The Biden Blitz

Like most people, I expected Joe Biden to be a cautious, status-quo-biased, reformist sort of guy. After all, this is the guy who opposed busing, supported the 1994 crime bill, and was VP during the notably incrementalist Obama administration. Furthermore, he was almost universally perceived as one of the most moderate of the Democratic primary candidates in 2020, offering up reformist alternatives to Bernie Sanders’ plans. Nor was he perceived as being particularly “woke” on cultural issues. The general expectation was for him to reverse Trump’s more well-known policies like the Muslim Ban and family separation of asylum seekers, putter around the edges of policy with incremental fixes to health care and the welfare state, and appoint more competent people than Trump had done. To Americans exhausted after four years of what will likely go down as the worst presidency in the nation’s history, that might have felt like enough.

Yet despite the fact that he only took office 23 days ago, Biden has unleashed an absolute torrent of executive orders and legislative proposals that go far beyond anything I expected. Here’s Mehdi Hasan, a Biden skeptic aligned with the Bernie movement: . . .

Continue reading. There’s much more and it’s quite intriguing.

Written by LeisureGuy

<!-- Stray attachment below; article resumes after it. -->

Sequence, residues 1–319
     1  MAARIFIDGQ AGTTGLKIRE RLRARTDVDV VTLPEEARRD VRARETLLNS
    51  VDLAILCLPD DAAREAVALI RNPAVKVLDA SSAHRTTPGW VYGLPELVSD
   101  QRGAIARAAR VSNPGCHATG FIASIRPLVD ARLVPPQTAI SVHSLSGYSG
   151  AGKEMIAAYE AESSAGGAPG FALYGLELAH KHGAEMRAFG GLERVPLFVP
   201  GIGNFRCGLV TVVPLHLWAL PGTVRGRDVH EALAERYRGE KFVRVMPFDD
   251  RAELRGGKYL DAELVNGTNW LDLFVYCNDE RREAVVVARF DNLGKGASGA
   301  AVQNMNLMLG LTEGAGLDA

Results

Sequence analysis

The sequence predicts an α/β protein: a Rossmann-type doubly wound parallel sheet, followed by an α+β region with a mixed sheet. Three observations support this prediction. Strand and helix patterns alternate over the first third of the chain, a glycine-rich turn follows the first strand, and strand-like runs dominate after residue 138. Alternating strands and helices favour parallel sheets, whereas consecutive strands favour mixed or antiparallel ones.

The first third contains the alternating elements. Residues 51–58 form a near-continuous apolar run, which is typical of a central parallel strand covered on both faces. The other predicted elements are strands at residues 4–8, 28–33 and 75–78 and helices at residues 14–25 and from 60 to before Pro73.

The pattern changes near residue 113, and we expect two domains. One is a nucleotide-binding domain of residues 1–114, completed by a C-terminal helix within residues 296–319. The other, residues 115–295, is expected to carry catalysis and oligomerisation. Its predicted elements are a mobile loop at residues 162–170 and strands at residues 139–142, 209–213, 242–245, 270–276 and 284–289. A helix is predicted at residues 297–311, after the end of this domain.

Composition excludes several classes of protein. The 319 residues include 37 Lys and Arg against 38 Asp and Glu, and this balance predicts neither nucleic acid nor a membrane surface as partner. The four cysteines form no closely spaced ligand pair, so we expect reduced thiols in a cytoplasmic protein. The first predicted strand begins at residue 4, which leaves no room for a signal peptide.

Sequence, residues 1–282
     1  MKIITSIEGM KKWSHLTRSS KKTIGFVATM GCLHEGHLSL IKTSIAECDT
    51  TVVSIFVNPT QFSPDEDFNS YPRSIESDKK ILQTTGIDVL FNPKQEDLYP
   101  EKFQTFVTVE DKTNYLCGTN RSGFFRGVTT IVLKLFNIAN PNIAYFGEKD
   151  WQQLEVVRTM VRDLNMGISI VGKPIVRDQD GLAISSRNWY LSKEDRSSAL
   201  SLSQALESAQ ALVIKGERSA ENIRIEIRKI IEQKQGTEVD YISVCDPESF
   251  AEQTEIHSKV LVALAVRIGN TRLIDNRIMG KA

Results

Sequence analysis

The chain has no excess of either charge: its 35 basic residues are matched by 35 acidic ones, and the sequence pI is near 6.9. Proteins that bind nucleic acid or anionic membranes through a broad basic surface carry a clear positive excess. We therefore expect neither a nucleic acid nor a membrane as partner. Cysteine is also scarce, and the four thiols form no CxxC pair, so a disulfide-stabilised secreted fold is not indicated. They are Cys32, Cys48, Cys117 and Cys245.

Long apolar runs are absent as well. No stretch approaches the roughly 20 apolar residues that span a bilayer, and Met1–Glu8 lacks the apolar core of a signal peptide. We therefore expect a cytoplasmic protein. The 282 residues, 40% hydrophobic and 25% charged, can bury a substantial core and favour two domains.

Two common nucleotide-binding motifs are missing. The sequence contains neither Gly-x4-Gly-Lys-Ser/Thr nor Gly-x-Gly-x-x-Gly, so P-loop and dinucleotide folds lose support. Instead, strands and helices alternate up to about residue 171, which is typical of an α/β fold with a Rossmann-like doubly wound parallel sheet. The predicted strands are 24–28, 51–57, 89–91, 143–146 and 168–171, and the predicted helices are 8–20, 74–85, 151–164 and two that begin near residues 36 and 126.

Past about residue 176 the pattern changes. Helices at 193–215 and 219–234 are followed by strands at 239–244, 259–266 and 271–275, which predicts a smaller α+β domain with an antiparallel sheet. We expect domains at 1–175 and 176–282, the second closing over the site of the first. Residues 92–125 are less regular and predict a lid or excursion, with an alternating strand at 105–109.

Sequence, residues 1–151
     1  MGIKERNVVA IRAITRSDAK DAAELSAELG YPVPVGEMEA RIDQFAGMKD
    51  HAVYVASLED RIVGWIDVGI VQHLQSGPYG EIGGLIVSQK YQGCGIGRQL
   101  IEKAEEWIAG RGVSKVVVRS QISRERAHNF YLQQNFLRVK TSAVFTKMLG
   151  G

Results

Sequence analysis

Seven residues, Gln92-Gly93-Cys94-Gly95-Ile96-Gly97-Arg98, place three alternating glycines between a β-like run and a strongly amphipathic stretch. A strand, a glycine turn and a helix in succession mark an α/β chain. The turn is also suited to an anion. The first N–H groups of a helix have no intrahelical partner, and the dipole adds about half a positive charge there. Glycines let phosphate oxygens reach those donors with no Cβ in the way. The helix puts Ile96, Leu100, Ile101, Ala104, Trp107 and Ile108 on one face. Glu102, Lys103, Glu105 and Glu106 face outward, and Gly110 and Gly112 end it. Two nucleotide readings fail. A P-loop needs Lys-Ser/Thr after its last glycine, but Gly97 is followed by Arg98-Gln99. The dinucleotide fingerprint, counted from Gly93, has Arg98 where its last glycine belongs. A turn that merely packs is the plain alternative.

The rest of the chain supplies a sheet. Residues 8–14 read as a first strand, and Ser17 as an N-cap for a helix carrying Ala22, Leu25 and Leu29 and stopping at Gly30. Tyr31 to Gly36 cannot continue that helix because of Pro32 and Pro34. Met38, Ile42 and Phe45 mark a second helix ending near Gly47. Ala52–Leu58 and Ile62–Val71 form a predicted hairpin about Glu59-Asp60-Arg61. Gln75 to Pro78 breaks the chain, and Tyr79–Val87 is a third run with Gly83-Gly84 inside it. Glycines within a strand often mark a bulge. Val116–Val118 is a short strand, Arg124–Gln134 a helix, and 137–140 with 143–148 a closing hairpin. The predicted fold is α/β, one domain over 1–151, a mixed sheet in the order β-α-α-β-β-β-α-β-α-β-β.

12 February 2021 at 9:52 pm

Interesting difference in blood pressure recommendations between US and UK/Canada

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The American Heart Association (US) recommends that blood pressure be less than 120/80.

The National Institute for Health and Care Excellence (UK) recommends that blood pressure be less than 135/85 (PDF).

That seems like a big difference to me. Some of it might be because NICE is looking at norms (i.e., averages) and not at the optimal. Example: In the US, the normal BMI for adult men — the norm — is 26.6, whereas the ideal is around 22.

Update: See also this brief video. FWIW, after I switched to a whole-food plant-only diet and was Nordic walking an hour a day six days a week and was close to my minimum post-middle-age weight, my blood pressure was 115 over 71 — with no medication.

Written by LeisureGuy

12 February 2021 at 9:43 pm

In the first six months of health care professionals replacing police officers, no one they encountered was arrested

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The police chief likes the program because it frees officers to fight crime. David Sachs reports in Denverite:

A young program that puts troubled nonviolent people in the hands of health care workers instead of police officers has proven successful in its first six months, according to a progress report.